It sounded like you’re leveraging your network through different connections that you have, number one. Even before that, you’ve developed your perspective, which is backed by data. You have a message that is different than the standard that’s out there, but it’s supported by data that is compelling. Therefore, different organizations are open to hearing it because they like that kind of stuff. The third part there is you’re presenting. You’re getting in front of people. You’re finding, “Where are the places that my ideal clients are congregating? Where can I get in front of them?” Was there anything else that you were doing at that time?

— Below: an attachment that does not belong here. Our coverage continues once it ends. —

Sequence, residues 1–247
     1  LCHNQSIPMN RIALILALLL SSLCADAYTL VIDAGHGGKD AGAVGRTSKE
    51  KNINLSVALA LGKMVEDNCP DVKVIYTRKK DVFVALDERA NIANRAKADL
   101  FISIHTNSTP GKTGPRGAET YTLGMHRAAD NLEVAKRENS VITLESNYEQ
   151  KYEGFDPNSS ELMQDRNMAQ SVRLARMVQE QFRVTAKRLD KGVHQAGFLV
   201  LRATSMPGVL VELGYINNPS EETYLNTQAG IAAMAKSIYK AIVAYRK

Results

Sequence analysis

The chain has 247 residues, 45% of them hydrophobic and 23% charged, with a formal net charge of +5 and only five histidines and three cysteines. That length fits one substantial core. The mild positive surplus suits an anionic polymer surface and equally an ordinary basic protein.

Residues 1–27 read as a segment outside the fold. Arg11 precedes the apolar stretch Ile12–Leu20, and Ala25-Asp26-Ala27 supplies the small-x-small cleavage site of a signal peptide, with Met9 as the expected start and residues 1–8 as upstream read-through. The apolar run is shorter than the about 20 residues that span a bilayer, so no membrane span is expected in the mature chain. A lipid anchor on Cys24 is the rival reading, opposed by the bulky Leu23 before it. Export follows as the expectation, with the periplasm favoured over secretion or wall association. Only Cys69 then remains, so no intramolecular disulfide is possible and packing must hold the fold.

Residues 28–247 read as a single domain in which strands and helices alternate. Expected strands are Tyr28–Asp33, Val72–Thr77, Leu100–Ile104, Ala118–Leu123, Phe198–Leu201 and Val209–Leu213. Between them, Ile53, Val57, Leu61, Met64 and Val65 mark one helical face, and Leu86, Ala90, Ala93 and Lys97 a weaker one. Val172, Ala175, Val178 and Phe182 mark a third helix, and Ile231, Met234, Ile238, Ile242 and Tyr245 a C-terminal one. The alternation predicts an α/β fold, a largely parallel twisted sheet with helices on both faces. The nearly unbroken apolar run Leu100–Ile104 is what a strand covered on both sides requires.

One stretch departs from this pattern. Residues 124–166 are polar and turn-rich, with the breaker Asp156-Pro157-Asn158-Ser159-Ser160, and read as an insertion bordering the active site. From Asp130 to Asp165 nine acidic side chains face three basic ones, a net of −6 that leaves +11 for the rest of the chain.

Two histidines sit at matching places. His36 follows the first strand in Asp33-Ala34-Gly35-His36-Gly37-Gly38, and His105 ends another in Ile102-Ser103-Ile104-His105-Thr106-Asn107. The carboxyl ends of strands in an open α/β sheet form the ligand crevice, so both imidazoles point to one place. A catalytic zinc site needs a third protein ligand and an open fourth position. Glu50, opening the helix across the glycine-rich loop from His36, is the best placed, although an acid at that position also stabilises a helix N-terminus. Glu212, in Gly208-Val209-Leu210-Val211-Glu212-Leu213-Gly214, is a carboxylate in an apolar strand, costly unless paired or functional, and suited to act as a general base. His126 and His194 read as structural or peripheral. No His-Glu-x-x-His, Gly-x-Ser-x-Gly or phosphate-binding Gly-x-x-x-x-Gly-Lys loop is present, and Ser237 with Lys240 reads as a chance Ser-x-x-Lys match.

That was an excellent recap. It was exactly what I did. I will say one thing though. I was looking for leaders who were going beyond flexible work arrangements. They were understanding, “This is about the way we need to operate. We need to work across these different dimensions of onsite, remote, different times, and leveraging technology.” They had a very much more comprehensive picture of work beyond the traditional work model. Those would be the people who would resonate with what I had to say and understand, “This is the future. We’re going to go there.” They know I can help you get there.

At what stage of this journey did you write your first book?

Many years ago, one of the things that I would talk about was that if you created flexibility, you would help people balance their work and life. That was just one of the outcomes. There was productivity and workspace, but balance was one of the outcomes. I would see leaders glaze over. They could not go there with me, and then I would try harder.